For those contemplating drawing and for the curious, as you read, dive into this River of Ink, and swim with Saminia, with great strokes of freedom, stemming from your own perceptions and perspectives. Herein, you may well find your reasons 'why' and create your own masterpieces.

Additional bonus:  The author/cartoonist Etienne Appert interviews a fellow artist/cartoonist, the American Scott McCloud.  The interview is recorded in ink.  Enjoy the sail.

                                                                ~Eunice C., Reviewer/Blogger~

                                                                                   July 2021

Disclaimer:  This is my honest opinion based on the review copy given me by the publishers.

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A beautiful illustrated delve into the history of artwork and what drives us toward artistic pursuits.  The artwork features wonderful splashes of color throughout, with bold black strokes.
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I had a hard time getting into this title and it was not really for me. I think that the author draws really well and some of the pages were quite beautiful. It seemed at least to me that there were too many story lines to follow along. However, I am not that up to date on the history of drawing or famous artists so someone else could absolutely enjoy this book. I thought I would be getting a little history lesson but it seemed that if you already knew the stories you could enjoy it more. I did love the interview at the end with Scott McCloud whom most of us know for the fabulous Understanding Comics!
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A history of drawing, after a fashion, weaving together the writer-artist's own story, his family history, and the story of humanity at large – with particular emphasis on a fable of prehistory. It's about the why more than the when and how, and happy to expand on legends rather than getting bogged down in a search for facts which will never be reachable. It might be overwhelming read in a single sitting, but especially early on, to treat each stop along the river as a day's instalment works beautifully; at times it felt like the sort of curious animation you half-remember from one particular childhood half-term, and which nobody else ever recalls in the inevitable nostalgia chats. The prehistory strand didn't always work for me – the idea of people who don't know what mirrors are may draw from a Japanese folk tale, but given we now know that some other animals can recognise their reflections, surely this was one of the things humans have had since before we were even human? And what about natural reflective surfaces? But even when it doesn't convince the mind, it always pleases the eye. For better and worse, it is extremely French; even were you to anonymise Appert, and the idols he's interviewed and woven into the story*, there's no way you could mistake which comics tradition it comes from, and I don't just mean the nudity. But unlike a lot of works where that's the case, here I never felt that having come up via different routes, learned to overlook or accept different givens, was shutting me out; it's a deeply human and humane work about part of the core of what makes us other than entirely dreadful as a species. And did I mention it's very beautiful?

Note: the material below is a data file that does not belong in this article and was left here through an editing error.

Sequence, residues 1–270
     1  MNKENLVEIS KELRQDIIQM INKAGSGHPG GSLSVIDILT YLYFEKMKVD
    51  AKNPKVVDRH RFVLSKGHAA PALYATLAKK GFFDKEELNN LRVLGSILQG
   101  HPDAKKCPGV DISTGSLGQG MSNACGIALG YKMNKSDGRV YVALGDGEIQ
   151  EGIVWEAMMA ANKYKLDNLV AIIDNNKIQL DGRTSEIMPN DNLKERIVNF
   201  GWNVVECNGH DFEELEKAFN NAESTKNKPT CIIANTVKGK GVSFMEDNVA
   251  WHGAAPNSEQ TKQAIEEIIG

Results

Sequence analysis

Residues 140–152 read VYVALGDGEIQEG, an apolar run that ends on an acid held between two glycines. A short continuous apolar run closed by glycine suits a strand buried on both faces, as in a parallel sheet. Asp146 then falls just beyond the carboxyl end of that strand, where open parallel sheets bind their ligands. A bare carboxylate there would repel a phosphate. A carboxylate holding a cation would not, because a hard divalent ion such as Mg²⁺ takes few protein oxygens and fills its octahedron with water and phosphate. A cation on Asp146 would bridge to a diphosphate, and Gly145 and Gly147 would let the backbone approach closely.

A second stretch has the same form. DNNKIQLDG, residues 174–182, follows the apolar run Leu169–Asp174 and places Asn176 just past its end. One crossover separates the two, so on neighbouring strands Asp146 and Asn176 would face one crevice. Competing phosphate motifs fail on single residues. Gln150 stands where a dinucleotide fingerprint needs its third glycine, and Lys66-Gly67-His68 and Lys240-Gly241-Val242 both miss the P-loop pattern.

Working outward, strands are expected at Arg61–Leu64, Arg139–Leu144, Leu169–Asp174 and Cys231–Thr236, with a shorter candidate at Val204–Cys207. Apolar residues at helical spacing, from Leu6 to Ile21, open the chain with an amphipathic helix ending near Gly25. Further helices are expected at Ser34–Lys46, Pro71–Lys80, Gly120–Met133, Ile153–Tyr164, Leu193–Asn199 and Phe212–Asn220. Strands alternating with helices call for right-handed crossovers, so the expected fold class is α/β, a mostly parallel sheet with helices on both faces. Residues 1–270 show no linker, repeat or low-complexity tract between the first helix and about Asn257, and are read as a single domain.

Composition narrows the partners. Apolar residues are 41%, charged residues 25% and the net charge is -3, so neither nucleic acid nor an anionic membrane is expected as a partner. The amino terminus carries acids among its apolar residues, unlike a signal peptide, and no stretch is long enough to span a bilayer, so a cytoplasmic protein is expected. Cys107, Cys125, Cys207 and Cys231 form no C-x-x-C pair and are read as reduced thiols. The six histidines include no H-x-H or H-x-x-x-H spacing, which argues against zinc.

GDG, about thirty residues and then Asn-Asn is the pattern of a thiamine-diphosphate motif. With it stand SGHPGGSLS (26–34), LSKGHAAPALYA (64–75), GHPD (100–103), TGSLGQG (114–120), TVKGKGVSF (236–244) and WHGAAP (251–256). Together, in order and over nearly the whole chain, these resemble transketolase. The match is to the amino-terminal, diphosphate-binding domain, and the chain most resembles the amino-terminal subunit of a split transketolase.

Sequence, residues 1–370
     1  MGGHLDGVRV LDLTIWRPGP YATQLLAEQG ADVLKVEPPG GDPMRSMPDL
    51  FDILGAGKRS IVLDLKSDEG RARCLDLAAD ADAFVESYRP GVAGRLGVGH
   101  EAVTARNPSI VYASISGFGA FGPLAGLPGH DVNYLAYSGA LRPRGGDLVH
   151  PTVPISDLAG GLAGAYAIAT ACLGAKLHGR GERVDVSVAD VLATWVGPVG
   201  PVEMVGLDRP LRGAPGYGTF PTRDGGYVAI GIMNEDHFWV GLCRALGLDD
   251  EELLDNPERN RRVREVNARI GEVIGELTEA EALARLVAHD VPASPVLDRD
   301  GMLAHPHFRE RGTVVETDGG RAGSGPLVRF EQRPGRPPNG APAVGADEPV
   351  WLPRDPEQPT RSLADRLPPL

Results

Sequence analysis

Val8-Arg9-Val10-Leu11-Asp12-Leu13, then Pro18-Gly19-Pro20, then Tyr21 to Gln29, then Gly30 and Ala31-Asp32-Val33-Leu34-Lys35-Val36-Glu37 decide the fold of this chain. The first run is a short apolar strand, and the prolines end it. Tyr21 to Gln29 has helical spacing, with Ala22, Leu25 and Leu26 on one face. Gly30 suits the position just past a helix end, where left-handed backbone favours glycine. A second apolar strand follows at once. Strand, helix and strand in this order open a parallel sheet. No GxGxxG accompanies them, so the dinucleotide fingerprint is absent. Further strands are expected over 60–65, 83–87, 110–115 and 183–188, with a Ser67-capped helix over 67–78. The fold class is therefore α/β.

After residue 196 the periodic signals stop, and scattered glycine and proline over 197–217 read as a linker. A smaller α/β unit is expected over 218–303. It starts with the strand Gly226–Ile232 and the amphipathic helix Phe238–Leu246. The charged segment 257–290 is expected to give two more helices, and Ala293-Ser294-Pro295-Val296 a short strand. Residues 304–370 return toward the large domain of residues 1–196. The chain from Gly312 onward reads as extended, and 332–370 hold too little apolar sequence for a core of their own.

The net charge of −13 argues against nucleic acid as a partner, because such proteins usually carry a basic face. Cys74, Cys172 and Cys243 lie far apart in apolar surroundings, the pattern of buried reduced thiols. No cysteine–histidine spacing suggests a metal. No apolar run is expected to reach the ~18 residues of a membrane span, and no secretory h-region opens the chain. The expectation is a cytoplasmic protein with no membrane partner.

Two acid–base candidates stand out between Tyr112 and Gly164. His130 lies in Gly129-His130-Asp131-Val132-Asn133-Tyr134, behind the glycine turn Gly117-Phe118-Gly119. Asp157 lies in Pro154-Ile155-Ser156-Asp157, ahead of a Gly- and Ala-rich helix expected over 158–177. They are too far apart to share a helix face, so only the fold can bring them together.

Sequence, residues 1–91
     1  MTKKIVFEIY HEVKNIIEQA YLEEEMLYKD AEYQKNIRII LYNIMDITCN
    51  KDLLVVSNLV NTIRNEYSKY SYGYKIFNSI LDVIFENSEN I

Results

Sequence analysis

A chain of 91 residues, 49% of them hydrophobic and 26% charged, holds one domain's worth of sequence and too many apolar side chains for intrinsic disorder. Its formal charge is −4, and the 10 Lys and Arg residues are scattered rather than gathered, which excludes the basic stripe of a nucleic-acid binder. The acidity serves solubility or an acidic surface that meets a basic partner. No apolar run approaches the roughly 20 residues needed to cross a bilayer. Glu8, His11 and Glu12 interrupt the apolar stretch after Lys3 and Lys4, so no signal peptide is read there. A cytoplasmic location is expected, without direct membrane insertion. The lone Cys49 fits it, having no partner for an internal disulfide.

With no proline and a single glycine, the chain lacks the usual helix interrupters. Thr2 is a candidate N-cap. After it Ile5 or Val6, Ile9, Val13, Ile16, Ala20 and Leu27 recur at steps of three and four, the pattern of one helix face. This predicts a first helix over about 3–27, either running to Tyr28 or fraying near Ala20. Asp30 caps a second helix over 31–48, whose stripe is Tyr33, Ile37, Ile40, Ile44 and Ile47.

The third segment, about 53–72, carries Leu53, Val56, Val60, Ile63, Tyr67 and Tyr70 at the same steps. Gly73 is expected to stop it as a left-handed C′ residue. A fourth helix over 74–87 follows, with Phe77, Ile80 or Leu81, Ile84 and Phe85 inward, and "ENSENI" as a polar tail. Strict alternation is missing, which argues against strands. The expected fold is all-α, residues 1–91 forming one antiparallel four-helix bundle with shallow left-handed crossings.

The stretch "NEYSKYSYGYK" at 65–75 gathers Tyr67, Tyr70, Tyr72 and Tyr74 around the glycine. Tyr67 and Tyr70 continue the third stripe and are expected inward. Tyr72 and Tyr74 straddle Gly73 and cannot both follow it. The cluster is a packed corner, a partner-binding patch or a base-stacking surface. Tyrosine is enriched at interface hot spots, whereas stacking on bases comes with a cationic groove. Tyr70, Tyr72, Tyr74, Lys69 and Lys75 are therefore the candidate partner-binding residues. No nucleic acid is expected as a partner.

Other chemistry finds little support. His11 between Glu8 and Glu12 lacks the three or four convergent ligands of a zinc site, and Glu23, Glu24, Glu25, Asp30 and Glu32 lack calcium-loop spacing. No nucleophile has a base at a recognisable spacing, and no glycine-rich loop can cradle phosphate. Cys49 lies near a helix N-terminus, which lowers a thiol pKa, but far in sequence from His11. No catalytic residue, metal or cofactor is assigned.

*Edmond Baudoin and François Boucq, and no, neither is a name where I have more than the faintest recognition – though as a bonus for Anglophone readers, the English edition comes with an appendix where a Scott McCloud interview is likewise rendered in graphic form. That includes some excellent McCloud homages, which leads me to assume the other two are likewise being referenced in the style of their passages. The McCloud is, as one has come to expect from him, right on the border between winning and terrifying – "I see art as an antidote to life. [...] I will not accept having only one world. I can see so many in my head." I completely agree, while also recognising these as lines you could give, unchanged, to a cosmic-level threat.

(Netgalley ARC)